One of the companies benefiting from the area’s IoT boom in the healthcare field is Valencell, which supplies optical biometric heart rate sensors that are used in wearable devices. Ryan Kraudel, the company’s VP of marketing, pointed out to ITPro that the IT opportunities coming from the local healthcare industry isn’t confined to IoT.
“You’ve got companies like Allscripts, who is one of the top electronic health record companies in the world, headquartered right here,” he said. “Obviously I mention a lot of the pharma companies, but also companies that are in the pharmaceutical industry, like the contract research organizations [CROs] that effectively do a lot of the chemical trials for pharma and drug companies, companies like Quintiles, PRA and others.”
This isn’t just some local rooting for the home team. When ranked by revenue, two of the top six global CROs are headquartered in the Triangle, Quintiles and PRA Health Services, with the other four all having offices in the area. As Kraudel indicated, it’s a large industry, and they’re all essentially technology companies. The combined annual revenue of the six companies is over $12 billion, with the largest, Quintiles, reporting revenue of $4.3 billion in 2015, making it roughly twice as large through Wall Street’s eyes as Red Hat.
Kraudel pointed out that although the area’s overall IT economy is anchored by big box players, part of it’s success comes from nurturing entrepreneurs just getting started.
“You’re starting to see a lot more of the ground level technology industry and businesses come up with things like the American Underground, that serves as an incubator or a platform for very early stage technology companies to be able to get a start,” Kraudel said. “Even if it’s just two people and an idea, they’ve got space, mentorship and infrastructure to be able to build up a business from scratch. That’s not something that has existed here in the past, but you’re certainly starting to see those types of organizations.”
The American Underground is something of a one stop shop for pre-startups in need of help. Headquartered in the old American Tobacco Company factory in downtown Durham, the facility offers accelerator and incubator programs, a tech training academy, and space for 10-15 person startups. At a second location near Duke University, the organization offers a mix of 2-5 person private offices and co-working desks. A third facility in downtown Raleigh, a short walk away from Red Hat’s headquarters, houses the Iron Yard Code Academy as well as conference rooms, kitchen area, and coffee bar that can be used by all American Underground startups. The organization recently added a fourth location that offers premier office space for startups that have grown and matured.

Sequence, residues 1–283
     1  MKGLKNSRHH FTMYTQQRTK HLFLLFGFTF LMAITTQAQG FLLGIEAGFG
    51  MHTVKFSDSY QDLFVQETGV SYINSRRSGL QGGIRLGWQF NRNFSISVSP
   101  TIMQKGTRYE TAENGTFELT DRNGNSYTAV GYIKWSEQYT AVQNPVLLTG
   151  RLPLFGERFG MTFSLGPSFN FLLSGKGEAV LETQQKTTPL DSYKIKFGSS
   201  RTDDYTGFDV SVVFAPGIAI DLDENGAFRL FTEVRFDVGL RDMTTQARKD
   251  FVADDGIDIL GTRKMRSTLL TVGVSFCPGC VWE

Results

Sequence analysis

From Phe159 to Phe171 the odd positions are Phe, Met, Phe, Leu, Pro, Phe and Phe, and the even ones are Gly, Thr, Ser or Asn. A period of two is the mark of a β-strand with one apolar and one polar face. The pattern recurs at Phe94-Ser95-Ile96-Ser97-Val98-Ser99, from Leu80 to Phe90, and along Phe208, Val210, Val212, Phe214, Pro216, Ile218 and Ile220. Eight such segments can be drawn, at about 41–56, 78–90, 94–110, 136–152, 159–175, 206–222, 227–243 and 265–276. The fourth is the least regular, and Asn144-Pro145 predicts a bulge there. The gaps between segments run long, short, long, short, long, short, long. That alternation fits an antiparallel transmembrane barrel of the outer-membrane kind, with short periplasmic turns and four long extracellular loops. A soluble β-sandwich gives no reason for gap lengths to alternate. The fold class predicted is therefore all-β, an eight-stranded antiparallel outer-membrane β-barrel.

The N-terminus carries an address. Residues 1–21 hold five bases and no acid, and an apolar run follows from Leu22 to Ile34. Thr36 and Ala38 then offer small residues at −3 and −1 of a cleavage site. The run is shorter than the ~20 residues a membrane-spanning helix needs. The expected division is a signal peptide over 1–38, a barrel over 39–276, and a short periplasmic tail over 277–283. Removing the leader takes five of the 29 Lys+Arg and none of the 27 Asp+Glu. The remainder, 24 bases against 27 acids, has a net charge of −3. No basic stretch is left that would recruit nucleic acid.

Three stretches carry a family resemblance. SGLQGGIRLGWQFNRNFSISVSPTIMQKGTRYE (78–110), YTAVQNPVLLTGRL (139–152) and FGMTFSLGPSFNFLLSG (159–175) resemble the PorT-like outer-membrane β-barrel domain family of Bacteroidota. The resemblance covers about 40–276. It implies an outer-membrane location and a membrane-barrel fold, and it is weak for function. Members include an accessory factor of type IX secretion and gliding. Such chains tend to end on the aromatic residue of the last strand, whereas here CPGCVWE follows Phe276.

RIoT’s Steffann agrees that nurturing startups is a key factor in the area’s success both as a technology and open source hub.
“We have just exploded in terms of the number of incubators we have in the region and throughout the state, and the state embraces that,” he said. “I think those things make this much more of an environment for growth of open source technology and open source community.”
In addition, Steffann points to the region’s educational system for the growth of the area as a technology hub.
“I think you have this tremendous resource of graduates out of the university system,” he said. “Many of the university students who come out here want to stay in the region, so there’s kind of a contagious effect. Is it a chicken and egg discussion? Would they not stay if companies like Red Hat, IBM, Cisco and SAS were not here? You can make that argument too. But they’re here, and these guys are staying. Meanwhile, many of them are willing to be lone wolves and start their own companies and act entrepreneurial as well.”